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By Simon Evans
MIAMI, Feb 8 (Reuters) - Los Angeles Clippers guard Chris Paul hailed LeBron James as "almost unguardable" after the Miami star posted a fourth straight 30-point performance in the Heat's convincing 111-89 win on Friday.
James' feat equalled the franchise record with only team mate Dwyane Wade having made four such productive displays in succession, and his 30 points came from just three quarters of action and nine-of-11 shooting.
"LeBron is unbelievable," Paul told reporters. "He can play. When he is shooting the ball like that he is almost unguardable".
Heat coach Erik Spoelstra said James was reaping the rewards for his intense approach to the game.
"If you had to grade shoot-a-rounds today, he was spectacular. This guy isn't shying away from work ethic or preparation. He's getting after it. My film sessions - he treats them like he is a coach," Spoelstra said.
Last year, James was named the league's Most Valuable Player, won the championship with the Heat, was named the finals MVP and then went to London and won a gold medal with the U.S. team.
It is evident that James has taken a conscious decision to push himself as hard as possible in order to avoid any sense of complacency.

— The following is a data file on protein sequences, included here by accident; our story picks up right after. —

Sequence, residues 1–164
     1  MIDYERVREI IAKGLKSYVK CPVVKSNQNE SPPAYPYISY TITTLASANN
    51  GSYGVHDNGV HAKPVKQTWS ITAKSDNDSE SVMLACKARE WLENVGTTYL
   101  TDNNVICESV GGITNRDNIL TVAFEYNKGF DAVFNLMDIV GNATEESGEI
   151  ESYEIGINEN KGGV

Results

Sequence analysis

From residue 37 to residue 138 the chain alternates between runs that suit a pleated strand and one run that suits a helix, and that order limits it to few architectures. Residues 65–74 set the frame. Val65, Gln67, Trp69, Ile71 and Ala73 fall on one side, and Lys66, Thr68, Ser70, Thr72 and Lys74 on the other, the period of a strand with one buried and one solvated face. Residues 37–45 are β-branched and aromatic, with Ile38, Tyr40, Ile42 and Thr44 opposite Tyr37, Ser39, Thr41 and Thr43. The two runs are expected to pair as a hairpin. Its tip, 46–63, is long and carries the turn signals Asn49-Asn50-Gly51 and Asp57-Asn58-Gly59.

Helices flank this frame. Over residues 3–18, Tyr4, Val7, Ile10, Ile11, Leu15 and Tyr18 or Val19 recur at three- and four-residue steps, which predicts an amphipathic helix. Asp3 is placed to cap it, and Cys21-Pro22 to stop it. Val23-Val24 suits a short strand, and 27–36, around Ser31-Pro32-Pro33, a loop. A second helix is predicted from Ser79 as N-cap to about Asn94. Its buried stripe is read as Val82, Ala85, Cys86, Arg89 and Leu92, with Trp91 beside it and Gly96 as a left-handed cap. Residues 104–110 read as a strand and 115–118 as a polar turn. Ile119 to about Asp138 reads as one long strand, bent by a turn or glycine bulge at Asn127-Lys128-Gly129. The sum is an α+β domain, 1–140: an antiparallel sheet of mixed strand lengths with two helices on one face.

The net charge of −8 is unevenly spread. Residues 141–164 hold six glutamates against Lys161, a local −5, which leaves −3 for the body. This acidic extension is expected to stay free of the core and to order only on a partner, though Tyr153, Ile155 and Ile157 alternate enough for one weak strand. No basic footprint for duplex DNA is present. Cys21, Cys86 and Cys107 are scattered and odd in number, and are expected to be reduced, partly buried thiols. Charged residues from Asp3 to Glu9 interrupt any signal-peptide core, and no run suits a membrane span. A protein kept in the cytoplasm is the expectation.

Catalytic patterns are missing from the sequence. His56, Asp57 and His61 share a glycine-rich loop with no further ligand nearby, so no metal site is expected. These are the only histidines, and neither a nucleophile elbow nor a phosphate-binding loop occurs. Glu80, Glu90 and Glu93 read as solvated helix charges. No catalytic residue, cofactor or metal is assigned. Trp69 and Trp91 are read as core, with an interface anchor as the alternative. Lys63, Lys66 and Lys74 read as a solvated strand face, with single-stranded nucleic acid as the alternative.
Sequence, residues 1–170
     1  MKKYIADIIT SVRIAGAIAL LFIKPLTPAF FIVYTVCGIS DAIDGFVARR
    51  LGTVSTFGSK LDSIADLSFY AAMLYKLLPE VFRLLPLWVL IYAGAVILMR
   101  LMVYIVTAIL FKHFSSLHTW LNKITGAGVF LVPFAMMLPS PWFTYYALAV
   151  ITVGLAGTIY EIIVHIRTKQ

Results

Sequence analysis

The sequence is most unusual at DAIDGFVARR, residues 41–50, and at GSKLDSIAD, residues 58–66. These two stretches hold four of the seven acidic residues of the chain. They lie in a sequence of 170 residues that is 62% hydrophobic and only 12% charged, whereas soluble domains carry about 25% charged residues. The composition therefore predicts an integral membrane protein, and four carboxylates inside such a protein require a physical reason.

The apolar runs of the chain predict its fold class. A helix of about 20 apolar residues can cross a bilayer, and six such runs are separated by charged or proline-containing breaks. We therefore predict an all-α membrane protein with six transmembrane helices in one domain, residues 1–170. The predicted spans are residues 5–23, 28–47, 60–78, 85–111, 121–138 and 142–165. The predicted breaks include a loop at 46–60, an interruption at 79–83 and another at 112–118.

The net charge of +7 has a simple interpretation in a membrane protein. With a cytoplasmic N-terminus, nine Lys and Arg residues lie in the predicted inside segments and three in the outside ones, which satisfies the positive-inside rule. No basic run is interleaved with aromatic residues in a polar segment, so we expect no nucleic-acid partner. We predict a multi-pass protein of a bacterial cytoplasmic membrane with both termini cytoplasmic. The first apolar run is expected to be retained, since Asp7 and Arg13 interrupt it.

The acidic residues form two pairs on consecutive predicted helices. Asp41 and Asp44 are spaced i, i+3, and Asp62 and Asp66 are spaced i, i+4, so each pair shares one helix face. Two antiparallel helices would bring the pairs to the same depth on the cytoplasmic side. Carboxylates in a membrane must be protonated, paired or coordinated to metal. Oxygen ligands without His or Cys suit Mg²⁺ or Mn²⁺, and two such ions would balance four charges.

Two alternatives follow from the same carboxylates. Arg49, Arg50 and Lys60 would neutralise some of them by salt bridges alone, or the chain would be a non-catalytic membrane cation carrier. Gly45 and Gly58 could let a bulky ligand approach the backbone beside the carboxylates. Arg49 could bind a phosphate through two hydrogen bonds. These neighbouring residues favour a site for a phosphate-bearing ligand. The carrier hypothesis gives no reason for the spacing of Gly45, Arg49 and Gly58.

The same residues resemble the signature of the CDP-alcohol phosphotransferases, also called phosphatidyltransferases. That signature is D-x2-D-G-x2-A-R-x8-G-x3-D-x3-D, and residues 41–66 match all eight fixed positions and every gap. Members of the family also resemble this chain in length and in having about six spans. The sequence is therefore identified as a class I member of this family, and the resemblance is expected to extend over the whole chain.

On top of his extra gym sessions and cycling through the city to practices and games, James also puts in extra hours on honing his skills.
"If he sees one of the other guys out there doing something extra, then he will do it himself, find a way to incorporate that into his game too," Spoelstra added.
Earlier this season, James said he had a "vendetta" against himself and with his extra hours, that clearly is not just talk.
"I want to continue to get better. I'm not satisfied. I work on my game each and every day trying to figure out ways that I can get better," James said.
Spoelstra has noticed.
"LeBron is relentless. He is just continuing to work the game. He absolutely loves this game," he said.
James said he was not playing to any particular plan at the moment but was just enjoying making the most of opportunities that came his way.
"I go out, see what the pace of the game is bringing and you go out and figure it out on the fly. I don't predetermine anything," he said.
"If the defense backs up, I shoot. They come up on me, I drive. My team mates are open, I find my team mates. The game flows for me that way, and I'm just in that comfort place right now where I can go out and just play free." (Editing by John O'Brien)